In the past decade, we have seen hundreds of movies exploring human sexuality from major motion pictures to poor but well-meaning independent films. For the most part, these movies have been promoted as pictures which push the envelope and tackle issues society refuses to talk about; in reality, however, society has been talking about these issues for years. For decades, filmmakers have been examining sexuality in their works but experiencing little success. One of the first pictures to do this successfully was "Chasing Amy."
Chasing Amy is a 1997 film written and directed by Kevin Smith. The film's plot follows Alyssa Jones, a lesbian as she embarks on a friendship with Holden McNeil, played by Ben Affleck. Though Holden is aware of Alyssa's sexuality, he cannot stop himself from falling in love with her; soon, to the surprise of the audience, the two begin a romantic relationship.
Smith's film centers around sexuality and the permanence of orientation. It is controversial to say that "homosexuals can become straight" but surely if a person can spend much of their life believing they are straight only to discover that they are gay, the same applies for a gay person. Alyssa, however, isn't changed by a radical Christian minister, she is changed by her friendship with Affleck's character. This would seem to imply that though we think we are of a particular orientation, we may in fact be more open to change than we think. Was Alyssa bi-sexual? Or was she pansexual?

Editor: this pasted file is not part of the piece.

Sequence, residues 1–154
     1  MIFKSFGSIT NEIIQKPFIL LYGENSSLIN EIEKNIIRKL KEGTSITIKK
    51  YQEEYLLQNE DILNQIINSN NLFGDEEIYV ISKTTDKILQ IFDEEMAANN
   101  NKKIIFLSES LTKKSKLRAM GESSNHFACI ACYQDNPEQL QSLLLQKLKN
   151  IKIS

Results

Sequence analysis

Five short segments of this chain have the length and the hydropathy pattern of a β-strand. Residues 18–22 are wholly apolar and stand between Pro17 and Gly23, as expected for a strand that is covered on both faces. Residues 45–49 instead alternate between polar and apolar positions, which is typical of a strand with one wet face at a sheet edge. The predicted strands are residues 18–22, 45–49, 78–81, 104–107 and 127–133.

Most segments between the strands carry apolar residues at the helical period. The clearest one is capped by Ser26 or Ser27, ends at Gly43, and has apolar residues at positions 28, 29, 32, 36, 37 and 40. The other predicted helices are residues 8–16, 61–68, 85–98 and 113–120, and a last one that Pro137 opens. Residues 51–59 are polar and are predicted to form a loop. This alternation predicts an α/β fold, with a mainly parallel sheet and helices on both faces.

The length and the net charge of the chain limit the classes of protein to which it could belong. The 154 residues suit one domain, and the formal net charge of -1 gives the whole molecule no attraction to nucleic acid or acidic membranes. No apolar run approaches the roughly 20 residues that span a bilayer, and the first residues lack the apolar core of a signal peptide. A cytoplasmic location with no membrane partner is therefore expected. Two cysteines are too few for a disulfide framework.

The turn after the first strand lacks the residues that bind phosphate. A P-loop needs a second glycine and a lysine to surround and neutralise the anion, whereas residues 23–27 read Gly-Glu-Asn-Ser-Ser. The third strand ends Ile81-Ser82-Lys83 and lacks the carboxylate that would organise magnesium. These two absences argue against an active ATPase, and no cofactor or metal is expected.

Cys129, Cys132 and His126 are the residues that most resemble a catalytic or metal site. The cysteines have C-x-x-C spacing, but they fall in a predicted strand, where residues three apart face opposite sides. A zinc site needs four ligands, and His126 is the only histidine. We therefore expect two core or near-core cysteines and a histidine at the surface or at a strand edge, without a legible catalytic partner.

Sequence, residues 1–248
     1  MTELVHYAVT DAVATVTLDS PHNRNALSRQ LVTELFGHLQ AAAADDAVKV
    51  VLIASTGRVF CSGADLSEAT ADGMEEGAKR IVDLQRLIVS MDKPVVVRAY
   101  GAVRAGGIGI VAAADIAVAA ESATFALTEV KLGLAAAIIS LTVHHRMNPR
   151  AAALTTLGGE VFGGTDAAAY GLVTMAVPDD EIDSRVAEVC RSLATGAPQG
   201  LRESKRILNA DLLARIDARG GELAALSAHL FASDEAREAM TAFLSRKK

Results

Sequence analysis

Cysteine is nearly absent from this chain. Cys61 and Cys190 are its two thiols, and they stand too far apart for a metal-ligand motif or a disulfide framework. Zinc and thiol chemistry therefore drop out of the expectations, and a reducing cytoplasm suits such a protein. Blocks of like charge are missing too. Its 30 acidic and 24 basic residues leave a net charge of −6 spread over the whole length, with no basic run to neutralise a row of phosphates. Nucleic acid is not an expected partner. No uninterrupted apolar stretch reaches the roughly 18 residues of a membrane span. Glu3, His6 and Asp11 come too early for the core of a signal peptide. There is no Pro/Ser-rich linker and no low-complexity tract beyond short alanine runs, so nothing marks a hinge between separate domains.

Pansexuality is the attraction to personality rather than gender, which seems to be the sexuality of Alyssa, though she was unaware. Her relationship with Holden, however, does not survive the quirks and hang ups of McNeil and soon she is single again. Towards the end of the film, we cut to a year later and see Holden at the same comic book convention he met Alyssa at a year earlier. Despite a short conversation with Alyssa, the two do not end up together; instead, we see Alyssa has now entered a relationship with a woman.
There is no doubt that human sexuality is a complicated subject which has always been of interest to artists and filmmakers. Of all films to exam love and orientation, Chasing Amy comes the closest to getting it right. We can't help who we fall in love with, no matter which orientation we label ourselves as.